Thursday, January 20, 2005


Archaeologists to start piecing Lewes's past together


Cape Gazette
By Henry J. Evans Jr.
January 16, 2005

State archaeologists are preparing to move to the next phase of work with artifacts found on Lewes Beach: lab work, research and detailed analysis on hundreds of pottery shards and various other items.

Archaeologists and about a dozen volunteers have worked through the week’s good weather and bad to see if there were areas of the beach that contained heavier deposits of artifacts than others.

The results have been mixed, with much of what’s been found being more of the same - pieces of pottery, fragments of storage containers, bricks and fragments of other materials.

This week, however, a few more metallic items were also uncovered. A pewter spoon, a small, metallic, flat, highly-detailed image of a ship, still bearing fragments of blue and red paint; a stamp used for sealing wax and a candle holder.

Conservators and state archaeologists will examine the artifacts to figure out where the materials originated, where they were going and how they ended up beneath the waters of the Delaware Bay.

“We’ll be washing and labeling some of the artifacts and then do some basic analysis, sorting, and figuring out some of the dates,” said state archaeologist Craig Lukezic. He said volunteers would do some of that work just as they’ve done much of the recovery work.

State archaeologist Chuck Fithian said a conservator with extensive knowledge about the metallic artifacts will give them a better idea of what they have.

“The fun part now, I think, is going to be the lab work. It’s in the lab where you make the additional discoveries and get the new insight into what’s going on by looking at the artifact collection,” Fithian said.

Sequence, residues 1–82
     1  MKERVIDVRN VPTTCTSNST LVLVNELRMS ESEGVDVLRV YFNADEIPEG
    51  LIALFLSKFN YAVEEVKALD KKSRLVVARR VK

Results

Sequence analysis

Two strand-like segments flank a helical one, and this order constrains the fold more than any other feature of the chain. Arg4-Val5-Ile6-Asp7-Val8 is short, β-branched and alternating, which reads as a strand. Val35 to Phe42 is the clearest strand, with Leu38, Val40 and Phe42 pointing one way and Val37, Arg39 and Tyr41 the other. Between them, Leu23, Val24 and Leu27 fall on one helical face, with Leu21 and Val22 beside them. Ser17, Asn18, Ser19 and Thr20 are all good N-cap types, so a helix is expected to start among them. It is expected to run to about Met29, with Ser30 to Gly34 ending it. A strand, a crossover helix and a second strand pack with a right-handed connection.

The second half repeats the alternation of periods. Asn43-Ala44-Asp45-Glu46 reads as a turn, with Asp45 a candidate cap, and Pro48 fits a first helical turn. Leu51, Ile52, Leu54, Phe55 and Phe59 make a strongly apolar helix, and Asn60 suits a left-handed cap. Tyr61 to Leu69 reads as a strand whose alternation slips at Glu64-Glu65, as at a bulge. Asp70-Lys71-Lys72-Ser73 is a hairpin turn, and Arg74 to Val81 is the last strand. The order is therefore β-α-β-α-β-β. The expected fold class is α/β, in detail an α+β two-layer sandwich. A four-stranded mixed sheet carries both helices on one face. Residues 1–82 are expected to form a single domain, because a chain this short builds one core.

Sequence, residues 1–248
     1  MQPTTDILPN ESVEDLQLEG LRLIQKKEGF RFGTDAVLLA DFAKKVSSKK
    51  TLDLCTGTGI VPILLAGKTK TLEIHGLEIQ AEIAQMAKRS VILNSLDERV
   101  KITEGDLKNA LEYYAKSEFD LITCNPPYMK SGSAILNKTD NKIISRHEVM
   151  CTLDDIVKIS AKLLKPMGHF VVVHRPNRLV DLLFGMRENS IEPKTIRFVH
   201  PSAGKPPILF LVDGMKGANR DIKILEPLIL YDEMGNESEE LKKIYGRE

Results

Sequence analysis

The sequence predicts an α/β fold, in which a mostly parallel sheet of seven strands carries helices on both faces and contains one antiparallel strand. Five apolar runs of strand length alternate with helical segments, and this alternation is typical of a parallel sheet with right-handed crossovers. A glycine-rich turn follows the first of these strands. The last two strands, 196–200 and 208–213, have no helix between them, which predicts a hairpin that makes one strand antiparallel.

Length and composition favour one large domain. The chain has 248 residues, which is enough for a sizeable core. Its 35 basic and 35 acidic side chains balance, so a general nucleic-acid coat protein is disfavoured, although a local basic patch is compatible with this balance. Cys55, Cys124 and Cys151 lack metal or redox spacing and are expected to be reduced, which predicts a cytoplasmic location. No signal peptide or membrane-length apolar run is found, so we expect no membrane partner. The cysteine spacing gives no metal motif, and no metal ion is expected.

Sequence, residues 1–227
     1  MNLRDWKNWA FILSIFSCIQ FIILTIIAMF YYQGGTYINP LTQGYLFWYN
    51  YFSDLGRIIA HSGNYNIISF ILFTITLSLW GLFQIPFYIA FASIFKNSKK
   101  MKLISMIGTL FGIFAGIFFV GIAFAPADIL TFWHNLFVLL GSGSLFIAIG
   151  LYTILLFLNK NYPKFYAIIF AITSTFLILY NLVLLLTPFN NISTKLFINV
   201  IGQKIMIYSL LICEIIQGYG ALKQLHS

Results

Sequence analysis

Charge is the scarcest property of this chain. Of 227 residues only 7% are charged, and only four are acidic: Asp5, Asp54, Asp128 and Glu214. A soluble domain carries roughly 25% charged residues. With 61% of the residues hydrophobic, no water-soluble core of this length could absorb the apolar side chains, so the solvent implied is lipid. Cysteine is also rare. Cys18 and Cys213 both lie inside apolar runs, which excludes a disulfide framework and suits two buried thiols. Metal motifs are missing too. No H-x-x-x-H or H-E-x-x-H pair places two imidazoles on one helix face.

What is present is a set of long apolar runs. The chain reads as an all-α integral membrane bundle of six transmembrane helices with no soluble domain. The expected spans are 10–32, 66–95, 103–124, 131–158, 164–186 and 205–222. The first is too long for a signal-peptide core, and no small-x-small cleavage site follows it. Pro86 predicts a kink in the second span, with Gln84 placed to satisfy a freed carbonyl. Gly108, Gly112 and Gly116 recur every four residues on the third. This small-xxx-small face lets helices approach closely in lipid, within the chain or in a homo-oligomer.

As more artifacts have been found, theories of their origin have changed. One of the recent theories is that what are now artifacts might once have been merchant goods aboard a shallop, a small sailing vessel that moved goods between coastal seaports.

“There are a number of research pieces that Chuck has found in newspapers of the time, ads and other things, of that kind of shallop mercantile activity going on,” Lukezic said.

Lukezic said there are 17th century maps of the Lewes coast containing dotted lines labeled as shallop routes. Lukezic said so far, not a single sunken shallop has ever been discovered in the Delaware Bay.

Lukezic said underwater archaeological survey methods using metal detectors or sonar don’t necessarily find vessels like a shallop. Those survey methods find larger vessels with large metallic objects such as cannons, he said. “We know a lot of shallops wrecked and they’re all over the place but our methods just don’t pick them up because there’s not much iron in them.”

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